Palmistry - Casual Clairvoyance

Practical Magic: A Beginner's Guide to Crystals, Horoscopes, Psychics, and Spells - Nikki Van De Car 2017

Casual Clairvoyance

IT IS INTERESTING THAT SO MANY PROPHESYING PRACTICES date back centuries and centuries. Is this because we felt so lost and confused then, that we more desperately needed to know the answers? Or is it because we were less skeptical and more readily sought answers because we believed they were available?

In any case, palmistry is no exception. The art of reading palms dates back to Babylonia, ancient Greece, China, and India, among other places, until it was heavily suppressed by the Catholic Church in the Middle Ages. The Church ranked it as one of the seven “forbidden arts,” putting it right up there with necromancy and fire magic. Compared to those two, simple palm-reading seems fairly harmless.

But the Church’s efforts to suppress palmistry were very successful until the mid-1800s, when people started taking the practice seriously again. It became regulated by the Chirological Society of Great Britain, so that certain lines on a palm would always be interpreted the same way, no matter who was doing the reading. But, like tarot and astrology, palmistry tells more about the personality of the bearer of the palm, and less about their future, though there is a little of that sprinkled in.

There is reason to believe that there is something behind palmistry. The practice of fingerprinting, for instance, reminds us that no two hands are exactly alike. And while the eyes may be the windows to the soul, the hands are a lot easier to read. We do everything with our hands, and they bear the evidence of that. The callus from where you hold your pen, the way you bite your nails, the swelling around a wedding ring, or the tan line from where one used to be.… the scars, the burns, everything—the evidence of our lives is in our hands. We have them to thank for our place outside of the food chain. It’s no wonder that palmistry has hung on for so long, despite the efforts to suppress it.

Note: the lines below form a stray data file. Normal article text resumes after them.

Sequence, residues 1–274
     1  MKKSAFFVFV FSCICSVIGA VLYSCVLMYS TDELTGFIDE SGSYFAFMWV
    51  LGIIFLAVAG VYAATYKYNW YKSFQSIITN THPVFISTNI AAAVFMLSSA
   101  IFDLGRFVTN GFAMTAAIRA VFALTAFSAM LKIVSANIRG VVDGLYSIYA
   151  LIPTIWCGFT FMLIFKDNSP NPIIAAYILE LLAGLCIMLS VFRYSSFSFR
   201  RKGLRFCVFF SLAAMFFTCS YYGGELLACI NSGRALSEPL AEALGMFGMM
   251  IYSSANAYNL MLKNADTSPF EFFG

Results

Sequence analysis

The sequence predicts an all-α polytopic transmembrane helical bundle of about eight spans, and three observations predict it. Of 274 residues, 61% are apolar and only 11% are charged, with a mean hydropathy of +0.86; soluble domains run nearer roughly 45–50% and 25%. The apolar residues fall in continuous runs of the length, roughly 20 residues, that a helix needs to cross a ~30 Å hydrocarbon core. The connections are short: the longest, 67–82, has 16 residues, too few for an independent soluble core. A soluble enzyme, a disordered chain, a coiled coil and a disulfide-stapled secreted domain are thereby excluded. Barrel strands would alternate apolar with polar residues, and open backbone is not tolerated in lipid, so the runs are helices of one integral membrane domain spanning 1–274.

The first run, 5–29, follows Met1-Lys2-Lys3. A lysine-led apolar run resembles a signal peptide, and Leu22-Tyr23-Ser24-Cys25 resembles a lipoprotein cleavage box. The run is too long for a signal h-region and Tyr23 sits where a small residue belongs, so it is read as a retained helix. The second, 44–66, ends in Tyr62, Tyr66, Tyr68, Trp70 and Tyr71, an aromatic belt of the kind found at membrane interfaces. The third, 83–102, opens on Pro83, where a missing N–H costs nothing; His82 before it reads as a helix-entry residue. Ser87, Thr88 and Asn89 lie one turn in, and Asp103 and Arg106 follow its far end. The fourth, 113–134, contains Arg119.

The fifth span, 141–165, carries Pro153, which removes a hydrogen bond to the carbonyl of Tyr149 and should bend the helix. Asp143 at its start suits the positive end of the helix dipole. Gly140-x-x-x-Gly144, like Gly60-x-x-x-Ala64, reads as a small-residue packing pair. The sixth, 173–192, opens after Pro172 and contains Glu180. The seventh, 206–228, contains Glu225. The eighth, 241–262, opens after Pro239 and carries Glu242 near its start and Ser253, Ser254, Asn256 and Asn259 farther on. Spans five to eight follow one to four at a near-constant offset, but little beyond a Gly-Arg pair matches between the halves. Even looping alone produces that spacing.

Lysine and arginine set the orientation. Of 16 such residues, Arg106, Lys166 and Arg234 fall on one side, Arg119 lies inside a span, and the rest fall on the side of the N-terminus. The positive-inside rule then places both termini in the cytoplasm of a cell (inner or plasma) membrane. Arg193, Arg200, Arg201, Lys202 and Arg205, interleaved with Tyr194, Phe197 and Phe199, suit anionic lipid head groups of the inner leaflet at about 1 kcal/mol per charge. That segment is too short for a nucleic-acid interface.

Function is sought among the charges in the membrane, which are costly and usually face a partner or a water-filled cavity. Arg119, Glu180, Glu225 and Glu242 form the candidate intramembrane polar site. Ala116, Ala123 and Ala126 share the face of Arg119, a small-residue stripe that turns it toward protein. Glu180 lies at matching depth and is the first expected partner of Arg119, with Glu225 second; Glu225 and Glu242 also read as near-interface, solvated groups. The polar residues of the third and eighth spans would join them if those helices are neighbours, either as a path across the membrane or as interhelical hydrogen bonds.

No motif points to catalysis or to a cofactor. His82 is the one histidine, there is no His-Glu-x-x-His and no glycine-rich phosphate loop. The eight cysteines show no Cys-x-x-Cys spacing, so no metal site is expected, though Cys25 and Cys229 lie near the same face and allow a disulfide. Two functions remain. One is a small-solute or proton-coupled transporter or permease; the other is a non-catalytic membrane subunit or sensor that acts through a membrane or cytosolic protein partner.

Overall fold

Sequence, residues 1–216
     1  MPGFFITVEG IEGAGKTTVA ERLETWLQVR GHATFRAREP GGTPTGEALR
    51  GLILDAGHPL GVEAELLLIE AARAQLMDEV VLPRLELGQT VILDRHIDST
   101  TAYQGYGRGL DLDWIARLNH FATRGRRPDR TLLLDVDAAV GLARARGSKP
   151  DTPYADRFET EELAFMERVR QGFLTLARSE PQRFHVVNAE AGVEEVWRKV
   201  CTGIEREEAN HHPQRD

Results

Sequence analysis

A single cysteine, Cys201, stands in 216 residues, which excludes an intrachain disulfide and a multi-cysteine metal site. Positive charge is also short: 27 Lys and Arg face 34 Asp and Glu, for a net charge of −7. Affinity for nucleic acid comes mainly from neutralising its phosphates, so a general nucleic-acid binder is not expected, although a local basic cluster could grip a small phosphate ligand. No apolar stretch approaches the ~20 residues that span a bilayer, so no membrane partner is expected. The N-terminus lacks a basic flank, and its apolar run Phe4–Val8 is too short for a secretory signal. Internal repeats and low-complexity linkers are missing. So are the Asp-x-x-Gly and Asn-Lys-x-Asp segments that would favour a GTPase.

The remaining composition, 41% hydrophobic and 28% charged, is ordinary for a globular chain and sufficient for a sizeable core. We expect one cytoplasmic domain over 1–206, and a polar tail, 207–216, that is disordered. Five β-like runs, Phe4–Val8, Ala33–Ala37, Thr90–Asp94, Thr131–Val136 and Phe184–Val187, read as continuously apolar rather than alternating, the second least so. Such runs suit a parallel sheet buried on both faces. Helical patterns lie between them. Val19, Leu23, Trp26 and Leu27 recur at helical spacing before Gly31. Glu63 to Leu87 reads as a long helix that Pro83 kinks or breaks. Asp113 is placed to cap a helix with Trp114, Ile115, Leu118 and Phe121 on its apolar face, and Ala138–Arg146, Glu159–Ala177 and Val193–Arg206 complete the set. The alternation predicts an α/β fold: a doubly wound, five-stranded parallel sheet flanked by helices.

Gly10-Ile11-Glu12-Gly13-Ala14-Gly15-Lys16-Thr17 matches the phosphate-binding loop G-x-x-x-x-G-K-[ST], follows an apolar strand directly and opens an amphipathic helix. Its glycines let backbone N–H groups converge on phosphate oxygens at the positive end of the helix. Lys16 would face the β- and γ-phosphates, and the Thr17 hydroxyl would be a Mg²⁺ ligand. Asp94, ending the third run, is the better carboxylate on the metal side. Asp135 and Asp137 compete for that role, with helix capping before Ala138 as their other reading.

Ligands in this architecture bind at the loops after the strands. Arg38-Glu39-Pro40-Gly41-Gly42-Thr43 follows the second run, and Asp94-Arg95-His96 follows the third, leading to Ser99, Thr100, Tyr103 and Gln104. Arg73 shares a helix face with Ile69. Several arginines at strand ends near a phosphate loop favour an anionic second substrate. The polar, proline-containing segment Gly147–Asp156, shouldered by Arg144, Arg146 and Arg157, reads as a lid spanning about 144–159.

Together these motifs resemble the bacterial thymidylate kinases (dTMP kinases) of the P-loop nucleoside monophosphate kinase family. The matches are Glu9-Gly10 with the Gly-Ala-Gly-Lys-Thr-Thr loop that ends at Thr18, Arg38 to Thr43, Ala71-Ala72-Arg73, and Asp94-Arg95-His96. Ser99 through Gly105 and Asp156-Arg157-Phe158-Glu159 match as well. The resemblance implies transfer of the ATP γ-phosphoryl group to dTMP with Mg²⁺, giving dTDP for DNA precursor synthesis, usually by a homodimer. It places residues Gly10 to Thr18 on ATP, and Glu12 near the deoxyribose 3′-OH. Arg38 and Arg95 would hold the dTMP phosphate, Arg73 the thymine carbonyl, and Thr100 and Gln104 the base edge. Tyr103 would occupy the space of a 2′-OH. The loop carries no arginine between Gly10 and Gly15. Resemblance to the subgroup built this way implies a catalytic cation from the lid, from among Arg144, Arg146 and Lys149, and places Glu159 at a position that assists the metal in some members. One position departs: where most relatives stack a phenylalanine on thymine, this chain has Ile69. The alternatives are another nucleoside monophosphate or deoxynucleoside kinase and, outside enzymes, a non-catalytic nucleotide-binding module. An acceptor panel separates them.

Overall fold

There are two branches of palmistry: Chiromancy, which deals with the lines on the palm, is what usually comes to mind when we think about palm-reading. But there is also chirognomy, which looks at the shape and texture of the hands, including the fingers and thumb.

Each hand will tell a reader something different. The nondominant hand represents the person’s inherited traits—what they were born with and how they came into the world. The dominant hand shows how life has changed that person. Watch for the differences between the two hands.